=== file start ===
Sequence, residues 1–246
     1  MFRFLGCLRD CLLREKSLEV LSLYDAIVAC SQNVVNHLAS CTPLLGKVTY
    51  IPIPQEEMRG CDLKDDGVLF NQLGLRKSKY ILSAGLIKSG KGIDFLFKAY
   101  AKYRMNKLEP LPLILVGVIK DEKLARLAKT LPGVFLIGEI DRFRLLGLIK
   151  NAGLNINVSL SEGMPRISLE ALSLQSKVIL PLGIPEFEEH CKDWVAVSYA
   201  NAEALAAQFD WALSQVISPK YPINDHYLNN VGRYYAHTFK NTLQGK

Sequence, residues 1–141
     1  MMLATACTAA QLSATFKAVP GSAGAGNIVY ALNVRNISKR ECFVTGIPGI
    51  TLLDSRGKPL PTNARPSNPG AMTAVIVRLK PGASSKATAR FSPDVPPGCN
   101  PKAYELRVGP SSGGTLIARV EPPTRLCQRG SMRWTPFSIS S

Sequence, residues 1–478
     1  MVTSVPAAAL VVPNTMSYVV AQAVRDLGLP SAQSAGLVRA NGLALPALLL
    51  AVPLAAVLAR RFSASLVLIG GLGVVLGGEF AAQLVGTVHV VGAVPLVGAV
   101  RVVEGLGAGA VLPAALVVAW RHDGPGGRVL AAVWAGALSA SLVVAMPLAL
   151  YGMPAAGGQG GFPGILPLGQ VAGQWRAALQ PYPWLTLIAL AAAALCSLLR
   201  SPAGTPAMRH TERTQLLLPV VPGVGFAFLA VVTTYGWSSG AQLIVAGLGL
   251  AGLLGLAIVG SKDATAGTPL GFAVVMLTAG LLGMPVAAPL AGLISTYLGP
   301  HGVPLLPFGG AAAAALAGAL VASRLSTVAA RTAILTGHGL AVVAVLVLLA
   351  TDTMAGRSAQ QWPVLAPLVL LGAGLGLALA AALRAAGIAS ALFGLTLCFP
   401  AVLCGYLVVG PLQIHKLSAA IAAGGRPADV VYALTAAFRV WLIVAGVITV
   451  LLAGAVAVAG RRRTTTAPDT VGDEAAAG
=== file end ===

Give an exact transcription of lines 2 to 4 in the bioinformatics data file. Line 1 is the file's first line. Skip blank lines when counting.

     1  MFRFLGCLRD CLLREKSLEV LSLYDAIVAC SQNVVNHLAS CTPLLGKVTY
    51  IPIPQEEMRG CDLKDDGVLF NQLGLRKSKY ILSAGLIKSG KGIDFLFKAY
   101  AKYRMNKLEP LPLILVGVIK DEKLARLAKT LPGVFLIGEI DRFRLLGLIK